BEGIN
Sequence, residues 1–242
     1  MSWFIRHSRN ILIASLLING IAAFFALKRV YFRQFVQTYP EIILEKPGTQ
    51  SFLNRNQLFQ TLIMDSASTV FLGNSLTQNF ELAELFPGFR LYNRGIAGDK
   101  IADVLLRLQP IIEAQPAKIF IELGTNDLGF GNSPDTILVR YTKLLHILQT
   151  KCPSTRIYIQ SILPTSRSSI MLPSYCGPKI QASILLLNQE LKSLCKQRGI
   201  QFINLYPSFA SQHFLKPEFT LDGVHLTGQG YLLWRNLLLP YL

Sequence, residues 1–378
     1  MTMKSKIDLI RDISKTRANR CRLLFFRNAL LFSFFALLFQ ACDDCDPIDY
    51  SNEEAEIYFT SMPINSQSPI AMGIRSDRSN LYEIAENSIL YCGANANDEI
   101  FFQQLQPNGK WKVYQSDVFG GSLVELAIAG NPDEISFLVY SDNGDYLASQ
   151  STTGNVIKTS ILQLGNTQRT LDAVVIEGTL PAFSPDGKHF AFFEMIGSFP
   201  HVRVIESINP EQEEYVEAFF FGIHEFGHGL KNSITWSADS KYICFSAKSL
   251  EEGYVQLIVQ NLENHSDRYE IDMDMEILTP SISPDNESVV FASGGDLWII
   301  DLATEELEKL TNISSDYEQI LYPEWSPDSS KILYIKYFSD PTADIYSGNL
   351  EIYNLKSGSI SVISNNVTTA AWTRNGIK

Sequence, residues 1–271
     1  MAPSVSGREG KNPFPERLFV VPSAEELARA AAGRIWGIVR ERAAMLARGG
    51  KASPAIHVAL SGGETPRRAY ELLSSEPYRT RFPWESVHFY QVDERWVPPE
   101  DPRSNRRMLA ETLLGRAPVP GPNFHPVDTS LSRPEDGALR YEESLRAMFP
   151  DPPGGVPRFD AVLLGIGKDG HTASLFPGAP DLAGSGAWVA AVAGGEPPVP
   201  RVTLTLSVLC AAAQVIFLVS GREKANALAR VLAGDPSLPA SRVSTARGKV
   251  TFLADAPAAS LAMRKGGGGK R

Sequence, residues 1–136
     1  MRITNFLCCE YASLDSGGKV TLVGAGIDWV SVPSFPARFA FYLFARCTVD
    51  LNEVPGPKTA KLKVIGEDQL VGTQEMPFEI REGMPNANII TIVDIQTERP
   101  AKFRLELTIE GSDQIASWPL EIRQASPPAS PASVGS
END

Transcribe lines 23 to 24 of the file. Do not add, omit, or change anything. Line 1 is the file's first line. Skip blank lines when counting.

Sequence, residues 1–136
     1  MRITNFLCCE YASLDSGGKV TLVGAGIDWV SVPSFPARFA FYLFARCTVD